Sunday, December 14, 2008

eXchanges, Icelandish, Freeman on -eth

eXchanges, the University of Iowa’s online journal of literary translation, will be accepting variations on the theme MIRRORS & MASKS for their spring 2009 issue until March 20, 2009. Short stories, novel excerpts, literary nonfiction, and poetry are all welcome, as well as critical essays on translation.

To be considered, submissions must include the original source text as well as the translation; biographies and photos of both author and translator; a short note on the process of translation; and permission for online publication for both languages. Submissions should total no more than ten pages in length. Electronic submissions -- which are strongly preferred -- should be send as .doc attachments to Direct paper submissions to eXchanges, Bowman House, 230 N. Clinton St., Iowa City, IA, 52242, U.S.A. The editors do accept simultaneous submissions; however, they ask that submitters inform them if work is under consideration elsewhere.

The Fall 2008 issue, ROOTS & BRANCHES, is online at the journal's website. Browsing through, I saw work from Japanese, Italian, Chinese, and Hindi, but, having recently fallen in with the writing of Halldór Laxness, decided to check out the Icelandic poem "morðsaga" by Sigurbjörg Þrastardóttir, given in German as "moritat" by Kristof Magnusson and as "murder story" by Þrastardóttir's English translator Bernard Scudder.

The title phrase "morð-saga" can be easily seen to mean "murder story," without having to clean off much of that phonetic and orthographic grime that accumulates over time on cognates, in much the same way that that sea corrosion builds up on cannons sunk with a ship-wreck. Oh, but let us be cautious of cognates -- I have in mind the admonition of translator Cola Franzen: that when rely on cognate meaning, we run the risk of ruining the tone of our version. Good advice indeed; but as readers of parallel texts we should be able to relax our vigilance against seeming sameness and faux amis, and have a little fun picking out the connections. As we can with the triplet wafer-thin / hauchdünn / næfurþunnt . Apparently "næfur" corresponds to "wafer" -- that's neat!.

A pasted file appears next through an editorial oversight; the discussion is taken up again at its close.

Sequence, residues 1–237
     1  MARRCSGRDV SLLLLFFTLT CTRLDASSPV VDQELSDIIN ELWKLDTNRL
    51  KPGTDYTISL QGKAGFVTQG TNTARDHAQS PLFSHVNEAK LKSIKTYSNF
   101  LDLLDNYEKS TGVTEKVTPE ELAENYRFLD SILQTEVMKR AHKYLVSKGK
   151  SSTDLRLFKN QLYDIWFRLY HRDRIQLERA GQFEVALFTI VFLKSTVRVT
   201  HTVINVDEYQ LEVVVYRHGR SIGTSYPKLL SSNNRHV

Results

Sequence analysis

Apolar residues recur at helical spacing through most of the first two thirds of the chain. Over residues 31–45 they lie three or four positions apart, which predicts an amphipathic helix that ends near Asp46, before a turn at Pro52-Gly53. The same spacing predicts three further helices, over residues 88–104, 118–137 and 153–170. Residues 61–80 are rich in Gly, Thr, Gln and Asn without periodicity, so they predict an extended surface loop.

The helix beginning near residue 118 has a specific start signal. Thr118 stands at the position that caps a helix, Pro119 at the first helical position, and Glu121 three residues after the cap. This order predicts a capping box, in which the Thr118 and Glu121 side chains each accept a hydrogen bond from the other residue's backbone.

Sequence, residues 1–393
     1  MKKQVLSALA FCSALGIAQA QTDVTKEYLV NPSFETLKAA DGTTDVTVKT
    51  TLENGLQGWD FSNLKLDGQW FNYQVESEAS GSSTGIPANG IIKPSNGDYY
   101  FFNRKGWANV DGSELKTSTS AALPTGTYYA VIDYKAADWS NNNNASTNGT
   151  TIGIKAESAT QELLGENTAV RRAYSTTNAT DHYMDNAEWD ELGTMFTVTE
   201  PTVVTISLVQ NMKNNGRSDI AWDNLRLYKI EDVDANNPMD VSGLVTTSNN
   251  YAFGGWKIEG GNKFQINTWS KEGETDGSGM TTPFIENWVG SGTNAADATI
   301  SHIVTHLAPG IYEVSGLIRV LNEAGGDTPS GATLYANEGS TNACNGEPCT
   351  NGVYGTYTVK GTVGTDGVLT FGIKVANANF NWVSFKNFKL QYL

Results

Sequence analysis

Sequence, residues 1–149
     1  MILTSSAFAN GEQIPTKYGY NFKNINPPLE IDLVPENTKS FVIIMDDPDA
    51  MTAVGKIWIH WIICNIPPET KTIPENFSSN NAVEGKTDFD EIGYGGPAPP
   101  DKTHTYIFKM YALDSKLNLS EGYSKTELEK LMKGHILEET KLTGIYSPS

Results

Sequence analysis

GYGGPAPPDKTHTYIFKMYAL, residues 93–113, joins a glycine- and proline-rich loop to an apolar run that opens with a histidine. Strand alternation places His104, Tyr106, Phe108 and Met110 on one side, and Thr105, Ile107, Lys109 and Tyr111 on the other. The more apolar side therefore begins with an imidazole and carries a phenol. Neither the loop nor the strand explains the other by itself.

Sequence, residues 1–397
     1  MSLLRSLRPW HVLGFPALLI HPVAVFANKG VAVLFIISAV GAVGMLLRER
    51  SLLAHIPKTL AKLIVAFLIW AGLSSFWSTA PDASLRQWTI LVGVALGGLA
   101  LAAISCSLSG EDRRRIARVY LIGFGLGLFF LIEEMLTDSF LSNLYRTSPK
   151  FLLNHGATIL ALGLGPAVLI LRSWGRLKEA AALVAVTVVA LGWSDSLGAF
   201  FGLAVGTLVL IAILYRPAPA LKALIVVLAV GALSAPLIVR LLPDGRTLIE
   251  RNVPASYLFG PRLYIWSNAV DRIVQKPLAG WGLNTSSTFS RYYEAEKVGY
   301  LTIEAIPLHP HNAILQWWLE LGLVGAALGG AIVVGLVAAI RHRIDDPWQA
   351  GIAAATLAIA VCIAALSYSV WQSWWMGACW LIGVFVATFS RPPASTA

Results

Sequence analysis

It is thrilling to see clean kinship between English, German, and Icelandic, to feel part (as a native speaker of English) of an extended family of lexical relations. English: Don’t you think? German: Findest du nicht? Icelandic: Finnst þér ekki?

In today's Globe, Jan Freeman picks up the theme of linguistic cousins in a related (!) way: "Same for run the gantlet instead of gauntlet: The word was gattlopp in Swedish, but it was mangled the moment we borrowed it, almost 400 years ago. Does it really matter which spelling of the French word for "glove" we use to represent it today?" Ha, I laughed aloud; a point for Freeman again literary pedantry. Precision can be pretentious as well as useful. (Finnst þér ekki?) Elsewhere in the same column, Freeman expresses admirable irritation, admirably restrained, toward the use of verbs incorrectly conjugated in the Elizabethan way. She uses the occasion to preacheth tolerance of linguistic change, a cause we would all do well to support with our various energies. While not forgetting that there is a difference between change and degeneration, and that tolerance of the former should not admit comfort with the latter. Ah, but, like, who shall judgeth?

1 comment:

noraglossia said...

The English/German/Iceland kinship is fun. I love finding (or suspecting, at least) cognates. You say that "naefur" corresponds to "wafer," but "þunnt" neatly corresponds to "thin" in English (and we used to use thorn for the "th" sound in Old English as well!). The Dutch "dun" and German "dünn" for thin are pretty close as well. It is no coincidence that "th" and "d" are both dental consonants. Delightful!